PHNOM PENH - A senior opposition party official says he will not apologize for remarks on the Khmer Rouge that he maintains were manipulated by the ruling party.
Kem Sokha, vice president of the Cambodia National Rescue Party, said in a statement Monday he hoped to “reduce people’s temper” over remarks he says have been manufactured by the Cambodian People’s Party ahead of July’s national elections. But he also said he would not apologize for something he didn’t do.
Kem Sokha is the ranking member of the opposition in Cambodia. Party president Sam Rainsy remains in exile, facing imprisonment for charges he says are politically motivated if he returns to Cambodia.
Supporters say he is under attack from the ruling party—through the media, demonstrations and even the National Assembly—and is being falsely accused of claiming that atrocities committed by the Khmer Rouge at the Tuol Sleng prison in Phnom Penh were staged by Vietnamese forces who expelled the regime.
Kem Sokha has repeatedly denying making such statements.
“Kem Sokha never said that there was no killing and torture in Toul Sleng prison, and he never had contempt for the souls of the dead people in that prison,” the Rescue Party said in a statement. Kem Sokha and the Rescue Party are seeking “real justice” for victims of the regime, the statement said.
Khmer Rouge victims and supporters of the ruling Cambodian People’s Party held a demonstration in Phnom Penh on Sunday to demand an apology for the alleged remarks.
Outspoken Tuol Sleng survivor Chhum Mey, who has led the call for an apology, could not be reached for comment Monday.
But another representative of victims, Sum Rithy, told VOA Khmer that Kem Sokha’s statement was not enough. “We are all just asking him to apologize to the victims’ souls at Tuol Sleng prison,” he said. Without an apology, more demonstrations will be held, he said.
Sunday’s demonstration, in which Khmer Rouge victims, CPP supporters, students and others marched across the capital, comes just days after the National Assembly rushed the passage of a law criminalizing the denial of Khmer Rouge crimes.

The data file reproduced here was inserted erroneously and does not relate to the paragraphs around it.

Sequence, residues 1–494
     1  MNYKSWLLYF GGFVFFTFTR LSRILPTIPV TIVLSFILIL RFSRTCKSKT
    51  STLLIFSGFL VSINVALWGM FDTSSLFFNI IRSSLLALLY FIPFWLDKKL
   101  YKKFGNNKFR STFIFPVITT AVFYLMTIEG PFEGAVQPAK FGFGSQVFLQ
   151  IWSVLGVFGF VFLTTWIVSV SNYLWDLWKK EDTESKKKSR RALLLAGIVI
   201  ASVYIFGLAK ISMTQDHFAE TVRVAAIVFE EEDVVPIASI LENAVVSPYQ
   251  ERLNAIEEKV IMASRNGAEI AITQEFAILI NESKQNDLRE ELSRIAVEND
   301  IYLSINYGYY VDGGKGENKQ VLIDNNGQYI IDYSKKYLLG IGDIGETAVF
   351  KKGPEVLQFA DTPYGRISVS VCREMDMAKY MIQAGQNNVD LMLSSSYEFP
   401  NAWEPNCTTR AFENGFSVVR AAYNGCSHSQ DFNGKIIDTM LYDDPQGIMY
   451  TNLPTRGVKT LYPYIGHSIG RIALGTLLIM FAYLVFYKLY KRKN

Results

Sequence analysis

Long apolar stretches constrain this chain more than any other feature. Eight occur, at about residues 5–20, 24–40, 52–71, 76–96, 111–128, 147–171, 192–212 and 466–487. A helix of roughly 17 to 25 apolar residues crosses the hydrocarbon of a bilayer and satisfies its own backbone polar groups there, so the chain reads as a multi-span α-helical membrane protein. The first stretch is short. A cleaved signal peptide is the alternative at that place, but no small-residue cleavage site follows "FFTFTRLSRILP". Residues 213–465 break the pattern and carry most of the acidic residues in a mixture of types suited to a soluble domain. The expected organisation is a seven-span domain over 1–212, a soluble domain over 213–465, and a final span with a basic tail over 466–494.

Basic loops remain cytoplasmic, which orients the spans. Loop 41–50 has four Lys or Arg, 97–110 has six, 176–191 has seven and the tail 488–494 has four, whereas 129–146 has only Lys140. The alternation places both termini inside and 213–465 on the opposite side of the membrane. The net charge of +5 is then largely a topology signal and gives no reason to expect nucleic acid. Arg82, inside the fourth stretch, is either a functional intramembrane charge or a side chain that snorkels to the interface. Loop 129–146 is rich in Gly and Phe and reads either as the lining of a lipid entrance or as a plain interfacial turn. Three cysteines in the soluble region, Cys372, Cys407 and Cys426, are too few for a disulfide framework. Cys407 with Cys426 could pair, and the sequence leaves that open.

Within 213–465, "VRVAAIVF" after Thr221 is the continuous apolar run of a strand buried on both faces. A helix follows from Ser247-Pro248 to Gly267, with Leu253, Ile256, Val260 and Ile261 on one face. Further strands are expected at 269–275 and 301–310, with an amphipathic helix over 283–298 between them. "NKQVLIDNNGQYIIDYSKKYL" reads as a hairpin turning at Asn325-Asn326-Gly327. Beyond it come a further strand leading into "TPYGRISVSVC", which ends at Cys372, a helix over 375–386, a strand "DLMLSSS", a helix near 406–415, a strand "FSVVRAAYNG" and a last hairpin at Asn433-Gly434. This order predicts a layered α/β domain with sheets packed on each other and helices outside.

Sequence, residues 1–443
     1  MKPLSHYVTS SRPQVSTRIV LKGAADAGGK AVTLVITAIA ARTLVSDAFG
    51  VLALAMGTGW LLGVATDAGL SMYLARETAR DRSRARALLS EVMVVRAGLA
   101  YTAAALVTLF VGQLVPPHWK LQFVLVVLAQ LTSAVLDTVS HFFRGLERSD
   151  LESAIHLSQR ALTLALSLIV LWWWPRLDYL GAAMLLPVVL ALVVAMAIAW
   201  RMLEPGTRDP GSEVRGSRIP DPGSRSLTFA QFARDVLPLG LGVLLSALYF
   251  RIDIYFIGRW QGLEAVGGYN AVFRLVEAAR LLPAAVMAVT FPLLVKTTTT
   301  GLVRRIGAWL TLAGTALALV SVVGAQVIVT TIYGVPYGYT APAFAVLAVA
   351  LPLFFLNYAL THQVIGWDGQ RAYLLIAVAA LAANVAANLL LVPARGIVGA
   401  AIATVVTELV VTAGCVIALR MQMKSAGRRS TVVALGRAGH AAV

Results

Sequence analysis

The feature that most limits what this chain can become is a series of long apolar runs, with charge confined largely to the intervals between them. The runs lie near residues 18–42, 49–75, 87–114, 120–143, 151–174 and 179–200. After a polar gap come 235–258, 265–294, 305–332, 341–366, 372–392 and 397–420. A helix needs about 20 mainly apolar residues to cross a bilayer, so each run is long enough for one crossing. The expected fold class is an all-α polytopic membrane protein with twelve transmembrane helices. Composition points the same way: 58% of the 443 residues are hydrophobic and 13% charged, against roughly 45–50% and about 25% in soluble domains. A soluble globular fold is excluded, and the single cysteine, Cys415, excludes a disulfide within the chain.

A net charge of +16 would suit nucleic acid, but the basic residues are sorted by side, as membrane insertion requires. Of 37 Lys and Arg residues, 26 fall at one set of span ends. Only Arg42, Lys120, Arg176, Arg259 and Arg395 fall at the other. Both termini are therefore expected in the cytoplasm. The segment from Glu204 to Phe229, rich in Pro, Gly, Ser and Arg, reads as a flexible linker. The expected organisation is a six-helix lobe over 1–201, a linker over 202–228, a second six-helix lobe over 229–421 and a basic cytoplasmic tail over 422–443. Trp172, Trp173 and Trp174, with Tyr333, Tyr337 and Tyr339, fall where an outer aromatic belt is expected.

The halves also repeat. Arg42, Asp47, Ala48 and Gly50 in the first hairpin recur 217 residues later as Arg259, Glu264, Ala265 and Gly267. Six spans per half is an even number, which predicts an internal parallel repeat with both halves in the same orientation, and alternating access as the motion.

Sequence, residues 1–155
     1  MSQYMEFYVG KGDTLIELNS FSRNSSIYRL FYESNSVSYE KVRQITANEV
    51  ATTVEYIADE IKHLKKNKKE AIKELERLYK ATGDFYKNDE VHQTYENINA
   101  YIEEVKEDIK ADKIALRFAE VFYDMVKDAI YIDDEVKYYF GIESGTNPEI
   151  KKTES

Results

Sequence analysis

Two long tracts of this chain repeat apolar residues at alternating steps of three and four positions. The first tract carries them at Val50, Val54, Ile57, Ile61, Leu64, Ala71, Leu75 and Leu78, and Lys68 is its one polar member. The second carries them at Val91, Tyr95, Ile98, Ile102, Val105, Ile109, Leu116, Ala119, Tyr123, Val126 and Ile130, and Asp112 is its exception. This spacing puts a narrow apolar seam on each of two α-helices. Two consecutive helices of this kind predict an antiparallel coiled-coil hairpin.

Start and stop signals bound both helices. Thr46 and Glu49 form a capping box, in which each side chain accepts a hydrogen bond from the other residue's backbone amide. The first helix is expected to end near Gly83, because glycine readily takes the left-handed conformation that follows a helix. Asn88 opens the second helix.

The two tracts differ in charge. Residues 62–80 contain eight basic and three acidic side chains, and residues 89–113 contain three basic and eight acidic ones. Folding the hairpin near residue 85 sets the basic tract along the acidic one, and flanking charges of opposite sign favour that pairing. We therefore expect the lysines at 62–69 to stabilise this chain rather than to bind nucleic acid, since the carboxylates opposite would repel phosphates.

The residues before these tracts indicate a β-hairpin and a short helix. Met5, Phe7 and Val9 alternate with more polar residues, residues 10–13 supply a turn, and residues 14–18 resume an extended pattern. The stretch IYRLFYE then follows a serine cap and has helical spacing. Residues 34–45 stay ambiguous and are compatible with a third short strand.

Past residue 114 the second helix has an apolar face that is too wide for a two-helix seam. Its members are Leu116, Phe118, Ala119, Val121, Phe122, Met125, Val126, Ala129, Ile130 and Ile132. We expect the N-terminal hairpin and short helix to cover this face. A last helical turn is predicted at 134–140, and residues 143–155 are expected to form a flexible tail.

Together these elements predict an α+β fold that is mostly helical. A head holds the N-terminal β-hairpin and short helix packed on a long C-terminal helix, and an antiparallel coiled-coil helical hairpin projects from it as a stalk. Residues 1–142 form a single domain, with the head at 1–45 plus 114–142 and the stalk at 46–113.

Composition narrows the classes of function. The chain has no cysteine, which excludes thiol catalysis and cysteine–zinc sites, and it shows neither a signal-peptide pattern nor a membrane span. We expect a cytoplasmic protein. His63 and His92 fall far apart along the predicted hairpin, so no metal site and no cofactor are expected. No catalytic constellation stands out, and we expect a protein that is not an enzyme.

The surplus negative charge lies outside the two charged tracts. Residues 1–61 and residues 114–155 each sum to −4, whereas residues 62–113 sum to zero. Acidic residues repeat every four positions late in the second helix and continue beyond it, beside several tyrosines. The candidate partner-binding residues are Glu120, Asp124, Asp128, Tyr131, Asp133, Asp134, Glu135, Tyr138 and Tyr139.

Critics of the law say it appears aimed at Kem Sokha in an attempt to weaken the opposition ahead of the July 27 polls. The law was passed by a sweeping majority of ruling party lawmakers, after an Assembly committee expelled 29 opposition representatives from the Sam Rainsy and Human Rights parties for joining in the new Cambodia National Rescue Party.
The US State Department has condemned the expulsion, saying it “starkly contradicts the spirit of a healthy democratic process.”
“We strongly support a political process that includes the full participation of all political parties on a level playing field,” State Department spokeswoman Jen Psaki said in a statement. “Stripping the salaries and parliamentary status of opposition party legislators deprives the Cambodian people of their voice and hurts the democratic process in Cambodia. Full participation of all elected representatives is essential to the democratic process. We urge the National Assembly leadership to allow all elected members to fulfill their commitment to serve the Cambodian people.”
Ruling Party lawmaker Chheang Von told VOA Khmer Monday that the US statement was “not acceptable” and was a threat to Cambodia’s sovereignty.
US Embassy spokesman Sean McIntosh said in an e-mail to VOA Khmer that the US is calling on the government to ensure the safety of candidates for the upcoming election.
“It is the Royal Government’s responsibility to promote a peaceful and violence-free campaign and electoral environment,” he said.
Opposition lawmaker Son Chhay said the ruling party has made a habit of ignoring such criticism from the international community. “I think it’s time for the ruling party to respect law and democracy in Cambodia,” he said.